Wispy Bridesmaid Shrug

I’m not one to advocate throwing money at a problem. However, my lack of inspiration to knit much of anything, words included, was certainly salved with the arrival of this beautiful yarn.

Madelinetosh
Madelinetosh!  Four lovely skeins of Tosh Merino Light.  And from Loop! as well.

No discounts, no windfalls, just pure excessive expenditure on a yarn that I have in more rational moments written off as just too expensive to take seriously. Madelintosh in all its incarnations is a queen of overpriced, american-weight, luxury yarn.  So expensive that I committed a grave grave error and didn’t swatch to save on yardage. A foolish mistake!  It ALWAYS is – what was I thinking! – okay I was thinking despite the fact that I am substituting, this project is a measure as you go number.  And to rub it in I have over a full skein left.  But lets go back to the beginning…

Okay so the dresses are totally public now seeing as the wedding was back in September.  I felt I needed a cover up for my ‘mature’ and substantial arms while standing next to all these beauties:

Bridesmaids ready! Shame about the hideous box in the bushes. Also - wedding photos by the wonderful Insta Wedding! http://insta-wedding.co.uk/
Bridesmaids ready! Shame about the hideous box in the bushes. Also – wedding photos by the wonderful Insta Wedding!

I considered a very wide range of patterns but ultimately wanted something very plain with a shrug neckline but a cardigan’s coverage.  Enter Knitbot’s wispy cardigan which I have been calling a cardishrug (shrudigan wasn’t quite working).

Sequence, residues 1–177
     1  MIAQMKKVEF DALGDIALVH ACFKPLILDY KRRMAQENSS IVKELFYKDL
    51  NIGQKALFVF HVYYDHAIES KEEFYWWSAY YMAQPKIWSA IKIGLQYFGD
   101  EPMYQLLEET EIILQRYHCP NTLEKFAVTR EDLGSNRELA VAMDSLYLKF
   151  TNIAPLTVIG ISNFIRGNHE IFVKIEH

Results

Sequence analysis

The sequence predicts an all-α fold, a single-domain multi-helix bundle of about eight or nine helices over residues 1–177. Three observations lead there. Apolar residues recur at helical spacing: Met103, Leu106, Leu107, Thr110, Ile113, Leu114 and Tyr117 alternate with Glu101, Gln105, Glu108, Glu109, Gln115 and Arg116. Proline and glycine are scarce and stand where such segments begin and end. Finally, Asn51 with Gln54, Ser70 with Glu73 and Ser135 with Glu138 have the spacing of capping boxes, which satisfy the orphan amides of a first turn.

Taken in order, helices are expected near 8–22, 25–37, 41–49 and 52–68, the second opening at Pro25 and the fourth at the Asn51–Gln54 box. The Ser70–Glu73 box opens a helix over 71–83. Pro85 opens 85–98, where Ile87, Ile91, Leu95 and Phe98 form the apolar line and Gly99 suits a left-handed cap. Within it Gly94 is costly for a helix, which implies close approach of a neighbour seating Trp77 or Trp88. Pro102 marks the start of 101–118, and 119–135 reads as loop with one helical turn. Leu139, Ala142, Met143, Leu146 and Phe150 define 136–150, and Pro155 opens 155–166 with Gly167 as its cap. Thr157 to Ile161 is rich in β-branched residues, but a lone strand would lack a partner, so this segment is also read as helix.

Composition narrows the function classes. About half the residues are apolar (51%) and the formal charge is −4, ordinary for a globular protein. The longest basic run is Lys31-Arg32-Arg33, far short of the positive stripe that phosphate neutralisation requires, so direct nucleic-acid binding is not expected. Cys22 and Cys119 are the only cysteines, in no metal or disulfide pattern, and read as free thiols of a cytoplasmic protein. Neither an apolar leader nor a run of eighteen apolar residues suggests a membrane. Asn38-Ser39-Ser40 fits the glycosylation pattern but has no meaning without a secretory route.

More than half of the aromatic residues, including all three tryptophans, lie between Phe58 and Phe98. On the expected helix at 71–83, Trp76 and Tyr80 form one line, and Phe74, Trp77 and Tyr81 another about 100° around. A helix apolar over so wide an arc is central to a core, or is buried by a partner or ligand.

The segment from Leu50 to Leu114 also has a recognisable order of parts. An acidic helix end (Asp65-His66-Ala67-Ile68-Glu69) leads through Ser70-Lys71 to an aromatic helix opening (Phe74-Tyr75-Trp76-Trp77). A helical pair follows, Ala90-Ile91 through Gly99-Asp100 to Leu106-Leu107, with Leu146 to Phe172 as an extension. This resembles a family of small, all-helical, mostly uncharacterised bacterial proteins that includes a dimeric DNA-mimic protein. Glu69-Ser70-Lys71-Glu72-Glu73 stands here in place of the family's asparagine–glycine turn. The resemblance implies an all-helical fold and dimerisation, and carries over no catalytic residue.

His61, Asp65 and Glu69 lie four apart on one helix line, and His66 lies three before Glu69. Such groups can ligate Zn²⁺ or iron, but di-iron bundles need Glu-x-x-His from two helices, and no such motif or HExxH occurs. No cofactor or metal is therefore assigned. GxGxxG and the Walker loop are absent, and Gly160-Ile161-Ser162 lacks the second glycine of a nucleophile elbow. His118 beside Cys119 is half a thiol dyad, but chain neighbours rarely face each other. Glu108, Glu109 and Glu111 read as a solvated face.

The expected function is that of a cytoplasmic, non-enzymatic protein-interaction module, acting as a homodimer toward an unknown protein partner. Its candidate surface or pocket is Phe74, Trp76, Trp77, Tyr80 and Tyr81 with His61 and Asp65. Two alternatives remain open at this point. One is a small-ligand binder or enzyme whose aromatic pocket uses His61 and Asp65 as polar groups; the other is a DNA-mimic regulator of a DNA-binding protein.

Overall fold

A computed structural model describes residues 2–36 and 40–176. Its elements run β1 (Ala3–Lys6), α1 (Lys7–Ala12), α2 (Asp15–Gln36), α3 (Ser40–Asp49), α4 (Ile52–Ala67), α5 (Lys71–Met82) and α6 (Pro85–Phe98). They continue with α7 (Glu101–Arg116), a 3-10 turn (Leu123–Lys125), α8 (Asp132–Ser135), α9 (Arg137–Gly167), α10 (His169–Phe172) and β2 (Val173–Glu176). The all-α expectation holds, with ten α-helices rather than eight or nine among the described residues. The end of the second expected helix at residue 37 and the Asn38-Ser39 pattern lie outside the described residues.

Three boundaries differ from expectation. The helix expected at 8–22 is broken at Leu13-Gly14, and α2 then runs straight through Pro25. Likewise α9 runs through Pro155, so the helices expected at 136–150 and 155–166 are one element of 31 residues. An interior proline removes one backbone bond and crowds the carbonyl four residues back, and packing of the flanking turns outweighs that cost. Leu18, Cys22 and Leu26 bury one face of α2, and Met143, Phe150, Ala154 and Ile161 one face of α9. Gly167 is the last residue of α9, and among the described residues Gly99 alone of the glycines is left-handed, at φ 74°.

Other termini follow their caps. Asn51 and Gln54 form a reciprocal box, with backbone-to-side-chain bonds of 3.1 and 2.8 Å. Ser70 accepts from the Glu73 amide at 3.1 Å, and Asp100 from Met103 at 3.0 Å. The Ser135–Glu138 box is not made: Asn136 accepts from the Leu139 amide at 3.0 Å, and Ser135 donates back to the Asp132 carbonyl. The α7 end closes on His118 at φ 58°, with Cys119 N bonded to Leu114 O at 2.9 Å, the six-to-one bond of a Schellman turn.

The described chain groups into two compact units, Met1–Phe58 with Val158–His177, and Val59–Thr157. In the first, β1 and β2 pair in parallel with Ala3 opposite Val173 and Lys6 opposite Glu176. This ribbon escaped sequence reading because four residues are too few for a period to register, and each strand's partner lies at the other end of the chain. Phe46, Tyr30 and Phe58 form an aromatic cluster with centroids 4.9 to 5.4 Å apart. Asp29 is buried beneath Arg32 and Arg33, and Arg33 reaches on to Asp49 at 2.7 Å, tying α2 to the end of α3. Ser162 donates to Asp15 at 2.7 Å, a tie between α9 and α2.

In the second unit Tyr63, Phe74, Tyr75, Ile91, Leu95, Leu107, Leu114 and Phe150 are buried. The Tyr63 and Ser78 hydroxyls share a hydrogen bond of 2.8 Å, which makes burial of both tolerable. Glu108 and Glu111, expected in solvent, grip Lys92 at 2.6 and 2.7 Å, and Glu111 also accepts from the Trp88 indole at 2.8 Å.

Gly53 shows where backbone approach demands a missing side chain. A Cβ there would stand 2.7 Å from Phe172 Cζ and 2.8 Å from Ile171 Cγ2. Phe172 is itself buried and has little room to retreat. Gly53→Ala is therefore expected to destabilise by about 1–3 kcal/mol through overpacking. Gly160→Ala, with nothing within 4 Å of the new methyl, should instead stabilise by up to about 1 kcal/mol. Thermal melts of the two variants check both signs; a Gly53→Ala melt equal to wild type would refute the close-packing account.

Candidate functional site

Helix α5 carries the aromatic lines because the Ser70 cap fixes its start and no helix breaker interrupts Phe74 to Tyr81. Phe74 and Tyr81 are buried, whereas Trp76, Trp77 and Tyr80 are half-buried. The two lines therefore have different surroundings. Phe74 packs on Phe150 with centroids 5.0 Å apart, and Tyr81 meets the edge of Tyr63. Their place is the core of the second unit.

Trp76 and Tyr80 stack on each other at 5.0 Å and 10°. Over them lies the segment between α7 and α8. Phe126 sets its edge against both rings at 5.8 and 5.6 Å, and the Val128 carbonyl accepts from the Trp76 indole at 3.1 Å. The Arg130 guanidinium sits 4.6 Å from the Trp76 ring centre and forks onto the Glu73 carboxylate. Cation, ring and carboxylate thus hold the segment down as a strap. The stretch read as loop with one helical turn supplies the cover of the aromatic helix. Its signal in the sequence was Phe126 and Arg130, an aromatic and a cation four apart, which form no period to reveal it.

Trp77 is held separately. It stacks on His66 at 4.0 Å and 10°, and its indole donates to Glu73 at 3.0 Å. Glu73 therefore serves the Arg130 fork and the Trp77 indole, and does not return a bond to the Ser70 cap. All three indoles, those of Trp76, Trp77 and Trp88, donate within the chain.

The only obstacle with this pattern (which is beautifully clear on the whole) is interpreting the sizing based on the difficult shoulder to shoulder measurement.  Basically you’re measuring the distance between the end of your sleeve at the armpit (but on the outside), across your back, to the start of the other sleeve.  But this is quite varied depending on whether you run the tape round the back or over the top of your shoulders (and there’s no short row shaping round the armpits or anything so it’s all the same row count – have a look at Abigale if you want that work done for you).  You are probably going to want some negative ease so the shrug clings to your shoulders (just a touch – we don’t want the thing to look like it’s climbing off!).  I chose based on arm circumference and then checked progress as I went over the back (caution! see below).  There’s no specific row count needed to match up the cardi section of the shrug.  At this point sized instructions are based on the stitch count left live at the underarm.

Modifications: I designed my own sleeves.  This pattern has straight up and down tube half sleeves.  This is lovely with a floaty (wispy) lace weight yarn.  I wanted snug, form-fitting, (but goosey skin covering) tapered sleeves.  I wanted them to be three quarter sleeves too! but we’ll get to that.  I was working with size ‘M’ medium which has 88 sts at the upper arm.  I cast on in rib in the round (rather than working flat as specified in the pattern) with 60sts and used mirrored increases at the start and finish of every 8th round 14 times.  You can check the ravelry project for justification.